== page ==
The approach to Anacapa coming from Oxnrad harbor.

After spending a couple of weeks in Fallon, NV, Toni and I traveled to Point Mugu, CA, about an hour down the 1 from LA. The scenery on the coast was lovely and it was very nice to be staying so near the beach, but what really captivated me were the ghostly shapes of the channel islands on the horizon. For some reason, I’ve always been enamored with islands, finding them incredibly romantic and intriguing. For that reason, as soon as I realized that the islands were there (weeks before arriving as I’d been snooping areas with Google Earth), I immediately began planning an day trip there.

Anacapa is a very small island, one of the smallest in Channel Island National Park, and is in actuality three separate islands. In the winter months, tours are only run out to East Anacapa Island and land at a rather interesting dock with about 150 stairs to the top of a cliff. We rode across the channel on a tour boat chock full of high schoolers who were on their way across to help the NPS try to rid the island of ice plant, an invasive plant that is infesting the island. It’s the NPS’s goal to have all the ice plant off Anacapa by 2016, so a good deal of the color that was present while we were there will be gone eventually. After witnessing how widespread the infestation is, I think that 2016 is a bit optimistic.

Our tour began at the ranger station where they explained the rather uneventful history of the place being a former coast guard station. The one truly amusing story was of the water tanks and how they had to build a house around them so that passers by on boats would stop shooting them. Other than that, it’s a pretty low key place with no source of water to speak of, more seagulls that you can shake a stick at (because there are no trees to source sticks). We walked along an interpretive trail that lead from the ranger station to a place called Inspiration point. Along the way, we peered over the cliffs and every place that we could see stretches of beach, we saw throngs of sea lions sunning themselves, lazing about and occasionally fighting. Quite the show we were treated to and really made me wish that I had glass longer than 70mm with me.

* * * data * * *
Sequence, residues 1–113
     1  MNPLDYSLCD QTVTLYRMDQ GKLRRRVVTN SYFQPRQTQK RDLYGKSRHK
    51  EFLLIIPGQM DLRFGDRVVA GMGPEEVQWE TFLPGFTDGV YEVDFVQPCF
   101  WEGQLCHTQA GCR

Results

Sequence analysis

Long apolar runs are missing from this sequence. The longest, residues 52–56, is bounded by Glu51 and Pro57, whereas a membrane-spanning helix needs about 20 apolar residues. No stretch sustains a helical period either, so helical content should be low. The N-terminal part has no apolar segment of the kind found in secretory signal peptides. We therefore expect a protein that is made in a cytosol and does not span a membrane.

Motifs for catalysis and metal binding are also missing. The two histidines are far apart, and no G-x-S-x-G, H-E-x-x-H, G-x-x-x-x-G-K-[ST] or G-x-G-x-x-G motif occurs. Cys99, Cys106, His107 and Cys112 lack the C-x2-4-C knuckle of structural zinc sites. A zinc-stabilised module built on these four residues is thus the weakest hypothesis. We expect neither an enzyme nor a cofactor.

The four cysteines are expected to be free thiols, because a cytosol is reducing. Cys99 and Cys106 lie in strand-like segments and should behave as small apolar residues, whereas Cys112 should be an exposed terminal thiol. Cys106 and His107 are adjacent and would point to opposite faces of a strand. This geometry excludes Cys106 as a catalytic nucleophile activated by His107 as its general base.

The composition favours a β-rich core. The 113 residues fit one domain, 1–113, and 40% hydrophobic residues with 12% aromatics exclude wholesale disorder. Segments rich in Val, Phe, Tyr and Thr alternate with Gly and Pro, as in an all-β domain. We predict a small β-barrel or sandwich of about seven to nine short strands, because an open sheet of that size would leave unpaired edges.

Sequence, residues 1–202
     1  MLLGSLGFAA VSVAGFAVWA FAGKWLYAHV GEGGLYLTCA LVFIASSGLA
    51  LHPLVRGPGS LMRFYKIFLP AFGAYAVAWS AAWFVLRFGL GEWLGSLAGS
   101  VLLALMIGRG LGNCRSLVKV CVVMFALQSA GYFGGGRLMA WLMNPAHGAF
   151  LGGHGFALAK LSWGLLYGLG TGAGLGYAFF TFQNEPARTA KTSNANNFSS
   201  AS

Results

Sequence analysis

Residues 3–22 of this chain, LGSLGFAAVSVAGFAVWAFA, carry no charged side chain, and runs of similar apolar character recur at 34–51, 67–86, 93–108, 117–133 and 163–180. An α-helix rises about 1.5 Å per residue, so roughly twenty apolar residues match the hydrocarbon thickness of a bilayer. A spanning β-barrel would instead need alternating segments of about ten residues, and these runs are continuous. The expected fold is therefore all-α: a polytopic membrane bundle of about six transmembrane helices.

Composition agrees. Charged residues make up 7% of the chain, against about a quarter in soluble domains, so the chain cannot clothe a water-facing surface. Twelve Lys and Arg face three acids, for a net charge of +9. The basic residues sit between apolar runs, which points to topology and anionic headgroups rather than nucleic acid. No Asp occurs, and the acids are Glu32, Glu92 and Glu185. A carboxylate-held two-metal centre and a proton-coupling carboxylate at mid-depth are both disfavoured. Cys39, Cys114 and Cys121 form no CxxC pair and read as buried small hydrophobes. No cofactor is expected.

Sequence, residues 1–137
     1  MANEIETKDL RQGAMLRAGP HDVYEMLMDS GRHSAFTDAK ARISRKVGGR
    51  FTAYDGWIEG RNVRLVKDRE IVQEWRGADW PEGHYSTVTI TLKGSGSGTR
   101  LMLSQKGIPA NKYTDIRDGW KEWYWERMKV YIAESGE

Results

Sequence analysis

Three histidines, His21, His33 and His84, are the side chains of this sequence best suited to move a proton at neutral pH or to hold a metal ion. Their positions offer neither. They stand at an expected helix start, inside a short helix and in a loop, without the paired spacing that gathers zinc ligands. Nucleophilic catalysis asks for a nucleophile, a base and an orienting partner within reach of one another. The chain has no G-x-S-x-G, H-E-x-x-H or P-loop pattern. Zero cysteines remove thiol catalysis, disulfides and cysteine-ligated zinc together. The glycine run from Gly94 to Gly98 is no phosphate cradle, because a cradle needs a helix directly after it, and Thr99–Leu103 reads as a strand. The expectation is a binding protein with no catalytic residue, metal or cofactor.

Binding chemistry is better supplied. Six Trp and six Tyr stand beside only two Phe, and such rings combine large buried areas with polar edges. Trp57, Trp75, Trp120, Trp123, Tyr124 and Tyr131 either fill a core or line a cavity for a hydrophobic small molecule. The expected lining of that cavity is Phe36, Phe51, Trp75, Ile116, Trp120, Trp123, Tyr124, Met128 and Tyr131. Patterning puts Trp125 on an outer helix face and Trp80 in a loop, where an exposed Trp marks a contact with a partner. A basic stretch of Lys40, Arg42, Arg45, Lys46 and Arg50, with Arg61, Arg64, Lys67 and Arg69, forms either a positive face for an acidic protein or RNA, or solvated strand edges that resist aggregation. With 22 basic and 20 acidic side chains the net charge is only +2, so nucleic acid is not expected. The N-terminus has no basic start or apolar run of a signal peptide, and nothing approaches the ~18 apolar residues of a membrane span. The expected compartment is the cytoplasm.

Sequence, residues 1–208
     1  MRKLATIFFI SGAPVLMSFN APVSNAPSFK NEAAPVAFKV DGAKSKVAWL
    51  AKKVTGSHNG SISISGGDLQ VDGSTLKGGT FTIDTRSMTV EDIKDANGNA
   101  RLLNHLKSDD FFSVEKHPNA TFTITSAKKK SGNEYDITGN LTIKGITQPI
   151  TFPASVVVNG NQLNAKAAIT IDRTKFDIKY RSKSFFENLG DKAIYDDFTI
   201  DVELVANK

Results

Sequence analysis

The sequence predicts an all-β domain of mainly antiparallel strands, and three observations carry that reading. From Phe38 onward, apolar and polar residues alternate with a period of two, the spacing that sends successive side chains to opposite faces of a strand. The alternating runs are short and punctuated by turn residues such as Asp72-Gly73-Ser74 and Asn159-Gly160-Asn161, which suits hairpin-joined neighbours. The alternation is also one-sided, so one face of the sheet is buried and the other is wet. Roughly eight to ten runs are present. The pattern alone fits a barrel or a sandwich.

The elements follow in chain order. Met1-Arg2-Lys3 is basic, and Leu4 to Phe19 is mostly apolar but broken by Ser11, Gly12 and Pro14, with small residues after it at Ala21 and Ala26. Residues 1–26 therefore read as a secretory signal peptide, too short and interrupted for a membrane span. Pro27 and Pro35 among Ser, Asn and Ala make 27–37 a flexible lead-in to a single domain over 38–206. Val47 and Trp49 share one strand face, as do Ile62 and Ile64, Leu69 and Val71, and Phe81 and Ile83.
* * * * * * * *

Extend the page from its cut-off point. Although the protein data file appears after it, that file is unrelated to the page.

Once we reached Inspiration Point, the reasoning behind the name became immediately apparent. The view was truly astounding and as we walked around the place, we just saw more and more incredible angles of the islands in the midday haze. It was because of the haze that I decided to apply a filter in processing that approximated the effect of shooting on saturated film with a cheap, toy camera. That helped cut the haze and bring out the colors and shapes the way that I saw them in my head standing on that magnificent spot of land.

Moving on from there, we hiked to a place called Cathedral Cove with a stunning overlook of the channel side of the island looking back towards Middle and West Anacapa Islands. Again, it was a stunning view with water so beautiful that you could see down into the kelp forests where the biggest sea lions I’d ever seen were foraging. And once again, I really felt my lack of long glass at that point, but in reality, the angle was pretty poor, so more than likely, the images would have been more for my memory than for any other purpose. Absolutely epic scenery to go along with the playful animals.

From there, we hiked back through the ranger station and headed up to the lighthouse. We were warned not to approach too close to the house and to by no means walk around it as the sound beacon was loud enough to cause instant deafness at close range. So that’s nice. Needless to say, we heeded their advice and wandered around the point a little without getting too close to the horns. That was our last stop on the island and from there we went back to the boat.

The boat took us around the eastern point of the island where we got to take in a pretty epic view of the headland with the lighthouse standing guard over cliffs hundreds of feet tall. We also got to peek up close at the beaches and the sea lions as well as the stone arch for which Anacapa is famous. Then it was just an hour back to harbor and that was that!

Here are a couple of my favorites and the rest can be viewed on my Zenfolio site.